Video

Video US Immigration Relief Imminent for Mixed-Status Families

Tens of thousands of undocumented immigrants in the Washington, D.C., area may benefit from a controversial presidential order announced this week. It's not a path to citizenship, as some activists hoped. But it will allow more immigrants who arrived as children or who have citizen children, to avoid deportation and work legally. VOA's Victoria Macchi talks with one young man who benefited from an earlier presidential order, and whose parents may now benefit after years of living in fear.
Video

Video New Skateboard Defies Gravity

A futuristic dream only a couple of decades ago, the hoverboard – a skateboard that floats above the ground - has finally been made possible. While still not ready for mass production, it promises to become a cool mode of transport... at least over some surfaces. VOA’s George Putic reports.
Video

Video Falling Gas Prices Impact US Oil Extraction

With the price of oil now less than $80 a barrel, motorists throughout the United States are benefiting from gas prices below $3 a gallon. But as VOA’s Kane Farabaugh reports, the decreasing price of petroleum has a downside for the hydraulic fracturing industry in the United States.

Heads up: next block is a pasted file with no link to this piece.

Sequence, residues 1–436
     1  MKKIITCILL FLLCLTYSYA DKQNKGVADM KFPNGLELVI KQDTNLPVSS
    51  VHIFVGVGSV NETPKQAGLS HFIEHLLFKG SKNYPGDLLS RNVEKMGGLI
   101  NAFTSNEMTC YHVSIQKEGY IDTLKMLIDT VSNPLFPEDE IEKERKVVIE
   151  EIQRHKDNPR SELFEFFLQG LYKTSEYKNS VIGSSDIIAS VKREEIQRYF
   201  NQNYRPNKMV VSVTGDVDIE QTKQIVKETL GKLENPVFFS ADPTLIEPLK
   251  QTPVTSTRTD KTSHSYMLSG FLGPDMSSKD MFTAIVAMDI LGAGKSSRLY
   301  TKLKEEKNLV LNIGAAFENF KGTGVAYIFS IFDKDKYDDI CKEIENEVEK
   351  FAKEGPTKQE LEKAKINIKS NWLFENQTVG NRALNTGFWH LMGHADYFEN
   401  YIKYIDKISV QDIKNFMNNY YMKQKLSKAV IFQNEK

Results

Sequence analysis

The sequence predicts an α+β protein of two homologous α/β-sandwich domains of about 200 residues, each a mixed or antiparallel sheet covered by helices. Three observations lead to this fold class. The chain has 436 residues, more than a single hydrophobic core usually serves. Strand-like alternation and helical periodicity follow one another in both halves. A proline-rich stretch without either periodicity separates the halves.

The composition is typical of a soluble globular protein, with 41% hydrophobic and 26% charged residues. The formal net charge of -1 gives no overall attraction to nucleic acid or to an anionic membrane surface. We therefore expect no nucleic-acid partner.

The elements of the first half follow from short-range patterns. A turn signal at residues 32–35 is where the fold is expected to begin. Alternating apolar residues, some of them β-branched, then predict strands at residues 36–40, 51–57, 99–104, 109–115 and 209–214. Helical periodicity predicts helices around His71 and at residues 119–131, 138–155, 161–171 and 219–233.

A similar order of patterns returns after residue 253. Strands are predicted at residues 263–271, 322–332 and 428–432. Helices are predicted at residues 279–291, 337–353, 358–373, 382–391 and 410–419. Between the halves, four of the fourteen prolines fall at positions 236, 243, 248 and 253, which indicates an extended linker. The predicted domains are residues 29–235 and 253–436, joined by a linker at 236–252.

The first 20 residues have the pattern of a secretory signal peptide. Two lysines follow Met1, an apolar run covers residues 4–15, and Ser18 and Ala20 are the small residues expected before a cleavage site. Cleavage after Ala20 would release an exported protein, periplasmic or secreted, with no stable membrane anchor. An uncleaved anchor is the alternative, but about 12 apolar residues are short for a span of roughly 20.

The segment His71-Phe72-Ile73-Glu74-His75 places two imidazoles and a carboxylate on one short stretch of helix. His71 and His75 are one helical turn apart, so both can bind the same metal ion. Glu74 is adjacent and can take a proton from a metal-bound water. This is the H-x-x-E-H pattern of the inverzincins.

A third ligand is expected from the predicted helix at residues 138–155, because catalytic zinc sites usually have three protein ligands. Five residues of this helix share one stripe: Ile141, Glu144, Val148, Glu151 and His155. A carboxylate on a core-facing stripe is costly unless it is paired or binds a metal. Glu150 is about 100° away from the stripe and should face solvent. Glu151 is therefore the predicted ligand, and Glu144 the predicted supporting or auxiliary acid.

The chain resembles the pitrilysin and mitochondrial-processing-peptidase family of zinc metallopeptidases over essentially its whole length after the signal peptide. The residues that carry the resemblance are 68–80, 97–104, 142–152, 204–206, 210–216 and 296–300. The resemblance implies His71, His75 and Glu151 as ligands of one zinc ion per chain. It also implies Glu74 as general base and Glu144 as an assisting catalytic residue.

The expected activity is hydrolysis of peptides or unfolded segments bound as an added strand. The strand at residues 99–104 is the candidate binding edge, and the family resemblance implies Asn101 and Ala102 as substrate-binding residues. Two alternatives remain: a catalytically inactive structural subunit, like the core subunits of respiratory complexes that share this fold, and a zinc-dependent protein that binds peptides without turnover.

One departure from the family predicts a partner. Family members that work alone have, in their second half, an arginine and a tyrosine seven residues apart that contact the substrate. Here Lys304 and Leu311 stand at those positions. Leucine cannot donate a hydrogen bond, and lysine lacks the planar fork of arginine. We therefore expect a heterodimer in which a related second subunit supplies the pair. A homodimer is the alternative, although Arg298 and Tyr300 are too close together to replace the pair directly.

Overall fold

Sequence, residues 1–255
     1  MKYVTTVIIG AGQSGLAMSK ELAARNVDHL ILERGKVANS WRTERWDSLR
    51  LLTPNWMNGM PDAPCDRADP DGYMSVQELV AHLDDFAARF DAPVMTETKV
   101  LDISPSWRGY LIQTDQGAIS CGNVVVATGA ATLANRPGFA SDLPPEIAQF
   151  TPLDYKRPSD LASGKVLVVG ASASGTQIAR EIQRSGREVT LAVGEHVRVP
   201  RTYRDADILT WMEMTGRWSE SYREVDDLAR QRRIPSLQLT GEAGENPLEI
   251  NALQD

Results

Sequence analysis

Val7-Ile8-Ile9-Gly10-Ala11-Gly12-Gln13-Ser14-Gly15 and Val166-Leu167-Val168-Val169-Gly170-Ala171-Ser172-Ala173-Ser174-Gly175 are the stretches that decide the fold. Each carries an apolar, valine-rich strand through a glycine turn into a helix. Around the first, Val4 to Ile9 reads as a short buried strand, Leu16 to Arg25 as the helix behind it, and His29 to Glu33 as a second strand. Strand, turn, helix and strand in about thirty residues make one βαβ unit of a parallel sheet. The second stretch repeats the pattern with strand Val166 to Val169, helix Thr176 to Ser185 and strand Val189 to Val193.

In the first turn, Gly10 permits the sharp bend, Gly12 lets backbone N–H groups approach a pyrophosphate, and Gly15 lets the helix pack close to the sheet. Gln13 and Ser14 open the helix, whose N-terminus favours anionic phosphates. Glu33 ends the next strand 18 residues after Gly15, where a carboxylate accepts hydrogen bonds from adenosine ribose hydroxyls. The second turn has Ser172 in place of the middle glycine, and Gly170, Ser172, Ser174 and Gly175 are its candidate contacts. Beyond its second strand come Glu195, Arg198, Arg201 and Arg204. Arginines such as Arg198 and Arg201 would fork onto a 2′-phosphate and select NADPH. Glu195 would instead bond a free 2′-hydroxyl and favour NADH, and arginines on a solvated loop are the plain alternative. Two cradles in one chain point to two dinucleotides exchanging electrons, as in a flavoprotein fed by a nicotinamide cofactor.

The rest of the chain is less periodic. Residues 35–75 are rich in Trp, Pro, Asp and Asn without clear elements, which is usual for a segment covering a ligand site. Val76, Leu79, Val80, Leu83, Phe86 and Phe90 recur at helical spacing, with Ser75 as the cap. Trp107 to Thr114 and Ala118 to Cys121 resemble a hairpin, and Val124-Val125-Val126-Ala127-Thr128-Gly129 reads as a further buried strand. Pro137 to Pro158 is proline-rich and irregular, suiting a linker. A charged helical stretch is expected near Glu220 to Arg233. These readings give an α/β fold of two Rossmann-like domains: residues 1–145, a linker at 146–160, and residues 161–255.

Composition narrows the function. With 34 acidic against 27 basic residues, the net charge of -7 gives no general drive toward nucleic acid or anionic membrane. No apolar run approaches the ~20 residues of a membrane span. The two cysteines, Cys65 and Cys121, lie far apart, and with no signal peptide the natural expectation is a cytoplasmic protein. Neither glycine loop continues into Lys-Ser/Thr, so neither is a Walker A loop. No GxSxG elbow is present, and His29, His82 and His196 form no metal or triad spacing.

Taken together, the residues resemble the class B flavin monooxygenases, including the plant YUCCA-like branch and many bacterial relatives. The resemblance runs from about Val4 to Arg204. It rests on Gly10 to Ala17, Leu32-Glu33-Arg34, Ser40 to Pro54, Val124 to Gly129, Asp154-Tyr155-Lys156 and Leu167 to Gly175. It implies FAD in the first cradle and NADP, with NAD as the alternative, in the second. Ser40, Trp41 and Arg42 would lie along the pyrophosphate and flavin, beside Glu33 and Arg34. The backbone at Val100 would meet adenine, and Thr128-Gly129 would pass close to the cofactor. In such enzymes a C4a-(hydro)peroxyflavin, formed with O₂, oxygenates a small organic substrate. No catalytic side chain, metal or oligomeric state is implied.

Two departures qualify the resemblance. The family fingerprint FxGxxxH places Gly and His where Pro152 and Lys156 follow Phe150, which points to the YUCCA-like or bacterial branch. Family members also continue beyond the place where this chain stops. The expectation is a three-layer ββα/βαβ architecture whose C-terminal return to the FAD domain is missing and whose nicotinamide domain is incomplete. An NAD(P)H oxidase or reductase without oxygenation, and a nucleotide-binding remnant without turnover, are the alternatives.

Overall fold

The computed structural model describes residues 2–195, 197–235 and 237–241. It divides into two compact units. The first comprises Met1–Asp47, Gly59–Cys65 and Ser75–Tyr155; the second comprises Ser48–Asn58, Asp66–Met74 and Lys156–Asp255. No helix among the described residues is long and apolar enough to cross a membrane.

Video

Video Tensions Build on Korean Peninsula Amid Military Drills

It has been another tense week on the Korean peninsula as Pyongyang threatened to again test nuclear weapons while the U.S. and South Korean forces held joint military exercises in a show of force. VOA’s Brian Padden reports from the Kunsan Air Base in South Korea.
Video

Video Mama Sarah Obama Honored at UN Women’s Entrepreneurship Day

President Barack Obama's step-grandmother is in the United States to raise money to build a $12 million school and hospital center in Kogelo, Kenya, the birthplace of the president's father, Barack Obama, Sr. She was honored for her decades of work to aid poor Kenyans at a Women's Entrepreneurship Day at the United Nations.
Video

Video Ebola Economic Toll Stirs W. Africa Food Security Concerns

The World Bank said Wednesday that it expects the economic impact of the Ebola outbreak on the sub-Saharan economy to cost somewhere betweenf $3 billion to $4 billion - well below a previously-outlined worst-case scenario of $32 billion. Some economists, however, paint a gloomier picture - warning that the disruption to regional markets and trading is considerable. Henry Ridgwell reports from London.
Video

Video Chaos, Abuse Defy Solution in Libya

The political and security crisis in Libya is deepening, with competing governments and, according to Amnesty International, widespread human rights violations committed with impunity. VOA’s Al Pessin reports from London.
Video

Video US Hosts Record 866,000 Foreign Students

Close to 900,000 international students are studying at American universities and colleges, more than ever before. About half of them come from Asia, mostly China. The United States hosts more foreign students than any other country in the world, and its foreign student population is steadily growing. Zlatica Hoke reports.

All About America

AppleAndroid